-Supporting the blockchain system requires a lot of processing power. But not a huge amount. I don’t think it’s a serious barrier. Demand breeds supply. Chipsets are becoming smaller but ever more powerful. Quantum computers are not far off and their performance will be thousands of times better, with so much processing power that they will easily be able to cope with blockchain databases. I think for us that would be like comparing the speed of a donkey with a supersonic jet. Of course energy demands will rise too but new chips will be more energy efficient.
— Where else can this technology be used in business and in what timeframe?
— I think our example will help push other market players to try using this technology as well. I think we are not far off the point when simple operations like registration, settlement, movement, debiting and crediting will be done through blockchain for any asset, be it equities, contracts, property or intellectual rights. I think this process will begin as early as next year.
Aside from the financial market, blockchain can be used anywhere that operations need to be tracked.
For example, the technology has enormous prospects on the property market, in logistics. There was an experiment in America that, through the use of IoT and blockchain, helped track supplies of salmon from the Atlantic to a diner’s plate in a small fish restaurant. The experiment showed it is possible to create a clear and protected information chain, making it possible to track the whole chain of counteragents, from the fishermen, auction broker and transport company through to the wholesale market and also to guarantee the quality of the product by measuring storage parameters at each stage.
Another hypothetical area where this technology can be used is user identification. For example for mobile subscribers. But to do all of this, a normal, clear regulatory and legal framework needs to be created so that different aspects of transactions can be handled using normal schemes and using blockchain. Right now it all sounds rather vague, but why not? It would be useful for subscribers and for the company and overall would fit in with the interests of the state.
— What type of regulation are you talking about?
— Primarily I mean standard legislation regulating interaction between economic entities and record keepers, different registries and agencies, or between themselves to authenticate contracts and confirm original documents for services and settlement for them. That’s a huge sector. There needs to be a fairly systematic concept on the level of federal and regional legislation to push this technology into practical use. Specialists in this field can give a more accurate answer to this question, I think it would be better to ask them.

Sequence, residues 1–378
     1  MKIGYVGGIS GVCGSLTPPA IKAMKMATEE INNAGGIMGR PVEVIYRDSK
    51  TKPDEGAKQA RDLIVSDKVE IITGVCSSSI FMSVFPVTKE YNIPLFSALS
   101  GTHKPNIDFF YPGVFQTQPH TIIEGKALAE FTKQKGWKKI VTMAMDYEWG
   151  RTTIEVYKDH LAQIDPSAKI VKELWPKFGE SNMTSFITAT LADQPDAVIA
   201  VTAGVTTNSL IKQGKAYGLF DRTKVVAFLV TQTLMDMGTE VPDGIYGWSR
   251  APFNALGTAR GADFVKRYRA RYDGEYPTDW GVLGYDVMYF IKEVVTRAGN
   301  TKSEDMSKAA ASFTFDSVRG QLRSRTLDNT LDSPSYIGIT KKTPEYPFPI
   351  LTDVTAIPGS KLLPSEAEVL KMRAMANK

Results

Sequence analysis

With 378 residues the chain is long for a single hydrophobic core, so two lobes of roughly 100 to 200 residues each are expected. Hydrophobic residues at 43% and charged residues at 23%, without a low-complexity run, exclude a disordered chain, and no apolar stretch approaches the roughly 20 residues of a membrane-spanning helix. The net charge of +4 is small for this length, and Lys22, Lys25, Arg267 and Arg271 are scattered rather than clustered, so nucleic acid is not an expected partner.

Another interesting example is operations on the financial markets: the buying and selling of derivatives. All regulators and self-regulating organizations that carry out control and oversight of stock market operations always strive to ensure that investors’ rights are considered as much as possible in settlement and that settlement is done as quickly as possible. So blockchain technology could potentially be used with derivatives as well.
— What comes after the pilot?
— We intend to use blockchain for larger deals as well. Next up is working horizontally, to broaden usage. We don’t want to stop on just one, albeit very historic, bond issue. We see prospects for the future and are ready to move forward.
If it were legally possible, we could maintain a record of shareholders using technology allowing the use of blockchain. That would help boost the quality of corporate governance, including in terms of protecting minority shareholders’ rights and the speed of deal processing. And this isn’t some kind of “mythology”. In the state of Delaware in America, the law sets out the possibility of issuing and keeping record of shares using blockchain technology for private companies. There are also talks about using the technology for public companies; as you’re aware, Delaware is where the most famous tech companies are registered.
Secondly, we of course want to look to increasing the percentage of electronic documentation we use blockchain and also at signing smart contracts.
MegaFon is associated with innovation and the latest technologies — it’s a form of promise to all our subscribers and partners. And I am very pleased that we were the first to take the practical steps to test blockchain, not because it’s trendy but because we had the hypothesis that changing the whole architecture of processes would make it faster, ensure a very high level of reliability and security and also make it cheaper. Our deal confirmed this. Using blockchain really is significantly faster, clearer and, in future and market-wide, handling deals will be significantly cheaper.